Pope’s papers burgled, first Vatican criminal trial

Julian Assange, founder of the controversial website WikiLeaks, has made a name for himself by exposing corruption in the government and corporations alike. Paolo Gabriele, personal butler to Pope Benedict XVI for six years, seemed to have the same intentions when he burgled confidential documents from the Pope’s desk in Vatican City earlier this year.

But unlike Assange, Gabriele could not escape the grasp of the law.

After Gabriele gave letters detailing struggles for power and pleas for corruption to be suppressed to Italian journalist Gianluigi Nuzzi, the Italian press began speculating about what was going on inside the Vatican. A rigorous internal investigation led to the butler being apprehended and put under house arrest to wait for his trial.

That trial began on Oct. 2, leading to Gabrielle being sentenced to 18 months in an Italian prison. However, he is currently serving his sentence inside the Vatican.

“I developed the conviction that it’s very easy to manipulate a person who has decision making powers in his hands,” said Gabrielle according to Bloomberg, claiming that he had “no accomplices” in this particular act.

However, he went on to indicate that he was not the only person to have leaked information to the press, according to CNN. He also seems to have no regrets exposing the truth to the public, despite ruing the fact that he betrayed the Pope’s trust.

In spite of this, he maintained a not guilty plea, despite the lack of concrete evidence in his defense. But his main priority seemed to be protecting whoever might have helped him.

Further investigations have been launched into potential aides in this leak, but thus far Gabriele has been the only person sentenced. Most recently, a Vatican computer technician was suspected, but eventually acquitted.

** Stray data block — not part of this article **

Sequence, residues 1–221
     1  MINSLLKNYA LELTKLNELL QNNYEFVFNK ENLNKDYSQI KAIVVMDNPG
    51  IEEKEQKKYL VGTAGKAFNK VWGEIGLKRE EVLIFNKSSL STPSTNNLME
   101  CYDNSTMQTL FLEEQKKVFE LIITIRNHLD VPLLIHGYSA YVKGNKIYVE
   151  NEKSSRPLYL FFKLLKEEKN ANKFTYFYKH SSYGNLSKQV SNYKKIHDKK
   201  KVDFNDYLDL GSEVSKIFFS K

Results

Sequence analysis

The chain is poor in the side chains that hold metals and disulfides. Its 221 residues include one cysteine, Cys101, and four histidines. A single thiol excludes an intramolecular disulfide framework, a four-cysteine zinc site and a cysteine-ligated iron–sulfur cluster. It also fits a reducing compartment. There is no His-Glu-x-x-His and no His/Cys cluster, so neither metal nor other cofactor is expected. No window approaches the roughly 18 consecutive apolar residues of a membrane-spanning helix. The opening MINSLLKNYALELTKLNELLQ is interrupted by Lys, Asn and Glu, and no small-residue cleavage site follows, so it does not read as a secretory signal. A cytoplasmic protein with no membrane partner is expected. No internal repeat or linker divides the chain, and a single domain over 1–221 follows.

The effects of this case can be felt across the globe and extends to Guilford. According to Director of Friends Center and Campus Ministry Coordinator Max Carter, an event like this could potentially serve the purpose of furthering the rift between opposing parties.

“I believe those who are prone to criticize the Vatican will find justification in these events,” said Carter in an email interview. “Those who have deep respect and reverence for the Church will, at least publicly, jump to its defense.”

As more details surface about the specifics of corruption occurring inside of the Vatican, time will tell if Carter’s statement proves to be accurate. For now, the papacy exerts its power in Vatican court and across the globe.

Historically, the Vatican has kept controversy under wraps, most recently the sexual abuse of children.

Gabriele’s attempt to unveil new secrets through illegal means has drawn attention to the Vatican once again.